Some Games That May Be Nice or Nasty for an adult and child. Use your knowledge of place value to beat your oponent.

If each of these three shapes has a value, can you find the totals of the combinations? Perhaps you can use the shapes to make the given totals?

The Scot, John Napier, invented these strips about 400 years ago to help calculate multiplication and division. Can you work out how to use Napier's bones to find the answer to these multiplications?

Place the numbers from 1 to 9 in the squares below so that the difference between joined squares is odd. How many different ways can you do this?

Can you see why 2 by 2 could be 5? Can you predict what 2 by 10 will be?

Where can you draw a line on a clock face so that the numbers on both sides have the same total?

These sixteen children are standing in four lines of four, one behind the other. They are each holding a card with a number on it. Can you work out the missing numbers?

In this investigation, you are challenged to make mobile phone numbers which are easy to remember. What happens if you make a sequence adding 2 each time?

Mrs Morgan, the class's teacher, pinned numbers onto the backs of three children. Use the information to find out what the three numbers were.

This problem is based on the story of the Pied Piper of Hamelin. Investigate the different numbers of people and rats there could have been if you know how many legs there are altogether!

If the numbers 5, 7 and 4 go into this function machine, what numbers will come out?

Go through the maze, collecting and losing your money as you go. Which route gives you the highest return? And the lowest?

Investigate the different distances of these car journeys and find out how long they take.

There were chews for 2p, mini eggs for 3p, Chocko bars for 5p and lollypops for 7p in the sweet shop. What could each of the children buy with their money?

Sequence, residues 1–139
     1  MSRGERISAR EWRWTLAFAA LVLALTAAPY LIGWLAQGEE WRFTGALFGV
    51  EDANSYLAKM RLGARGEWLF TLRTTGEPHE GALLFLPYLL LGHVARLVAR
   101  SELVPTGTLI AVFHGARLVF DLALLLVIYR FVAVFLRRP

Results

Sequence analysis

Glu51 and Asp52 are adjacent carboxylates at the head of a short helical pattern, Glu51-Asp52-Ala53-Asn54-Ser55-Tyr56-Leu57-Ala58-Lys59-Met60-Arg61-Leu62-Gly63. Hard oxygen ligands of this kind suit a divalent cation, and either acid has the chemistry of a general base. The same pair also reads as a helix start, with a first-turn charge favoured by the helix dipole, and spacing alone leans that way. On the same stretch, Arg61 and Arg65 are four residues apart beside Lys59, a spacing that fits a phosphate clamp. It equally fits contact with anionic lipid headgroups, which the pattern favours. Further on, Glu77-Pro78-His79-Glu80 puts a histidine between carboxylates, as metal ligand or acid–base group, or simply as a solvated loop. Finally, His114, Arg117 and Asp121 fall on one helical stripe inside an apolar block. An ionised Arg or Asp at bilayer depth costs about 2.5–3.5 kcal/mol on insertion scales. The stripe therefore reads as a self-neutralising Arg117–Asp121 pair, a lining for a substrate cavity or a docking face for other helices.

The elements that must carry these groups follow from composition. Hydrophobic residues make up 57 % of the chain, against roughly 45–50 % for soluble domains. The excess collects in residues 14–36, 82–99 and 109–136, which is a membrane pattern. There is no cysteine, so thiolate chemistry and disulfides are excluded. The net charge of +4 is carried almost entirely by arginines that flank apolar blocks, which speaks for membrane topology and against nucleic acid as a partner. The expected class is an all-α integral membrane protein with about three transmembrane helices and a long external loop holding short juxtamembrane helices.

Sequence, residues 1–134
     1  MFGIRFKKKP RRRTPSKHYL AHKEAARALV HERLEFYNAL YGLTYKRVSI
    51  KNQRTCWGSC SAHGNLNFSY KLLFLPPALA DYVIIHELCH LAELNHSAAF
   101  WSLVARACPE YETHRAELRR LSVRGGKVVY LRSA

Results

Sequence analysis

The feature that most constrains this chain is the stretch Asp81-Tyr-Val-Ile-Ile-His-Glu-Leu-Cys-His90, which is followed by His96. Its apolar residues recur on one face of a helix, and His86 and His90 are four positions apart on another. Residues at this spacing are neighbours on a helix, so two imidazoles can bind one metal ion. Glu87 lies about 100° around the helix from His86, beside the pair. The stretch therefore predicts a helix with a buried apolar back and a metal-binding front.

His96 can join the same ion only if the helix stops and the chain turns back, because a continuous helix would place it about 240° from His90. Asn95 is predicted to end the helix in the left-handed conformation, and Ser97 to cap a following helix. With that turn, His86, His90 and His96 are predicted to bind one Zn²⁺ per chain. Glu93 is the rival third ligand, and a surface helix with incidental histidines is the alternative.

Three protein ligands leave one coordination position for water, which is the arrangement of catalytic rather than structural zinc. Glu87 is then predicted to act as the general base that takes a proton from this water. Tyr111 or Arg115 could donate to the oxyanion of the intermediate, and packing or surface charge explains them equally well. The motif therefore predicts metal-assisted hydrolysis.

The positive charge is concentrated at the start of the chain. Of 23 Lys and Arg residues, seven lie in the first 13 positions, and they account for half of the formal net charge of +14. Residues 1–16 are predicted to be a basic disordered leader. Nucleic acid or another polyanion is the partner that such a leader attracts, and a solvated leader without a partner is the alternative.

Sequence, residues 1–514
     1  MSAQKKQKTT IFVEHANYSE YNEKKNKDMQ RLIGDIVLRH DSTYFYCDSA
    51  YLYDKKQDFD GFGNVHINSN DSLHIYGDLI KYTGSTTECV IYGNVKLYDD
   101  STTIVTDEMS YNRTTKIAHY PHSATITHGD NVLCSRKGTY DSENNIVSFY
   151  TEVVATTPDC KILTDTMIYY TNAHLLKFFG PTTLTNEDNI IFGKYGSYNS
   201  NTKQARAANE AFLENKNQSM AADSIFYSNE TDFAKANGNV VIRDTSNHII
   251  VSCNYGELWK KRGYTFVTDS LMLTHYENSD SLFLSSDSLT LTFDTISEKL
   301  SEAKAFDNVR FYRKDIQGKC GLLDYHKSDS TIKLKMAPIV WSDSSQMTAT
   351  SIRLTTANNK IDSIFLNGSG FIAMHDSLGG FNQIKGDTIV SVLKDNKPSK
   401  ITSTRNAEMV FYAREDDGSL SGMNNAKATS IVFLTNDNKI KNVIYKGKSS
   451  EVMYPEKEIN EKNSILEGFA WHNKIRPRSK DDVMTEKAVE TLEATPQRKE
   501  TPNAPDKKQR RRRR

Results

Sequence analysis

These caterpillars have 16 parts. What different shapes do they make if each part lies in the small squares of a 4 by 4 square?

Have a go at this game which involves throwing two dice and adding their totals. Where should you place your counters to be more likely to win?

In your bank, you have three types of coins. The number of spots shows how much they are worth. Can you choose coins to exchange with the groups given to make the same total?

Can you arrange fifteen dominoes so that all the touching domino pieces add to 6 and the ends join up? Can you make all the joins add to 7?

Use the interactivities to fill in these Carroll diagrams. How do you know where to place the numbers?

In sheep talk the only letters used are B and A. A sequence of words is formed by following certain rules. What do you notice when you count the letters in each word?

A group of children are using measuring cylinders but they lose the labels. Can you help relabel them?

Using the statements, can you work out how many of each type of rabbit there are in these pens?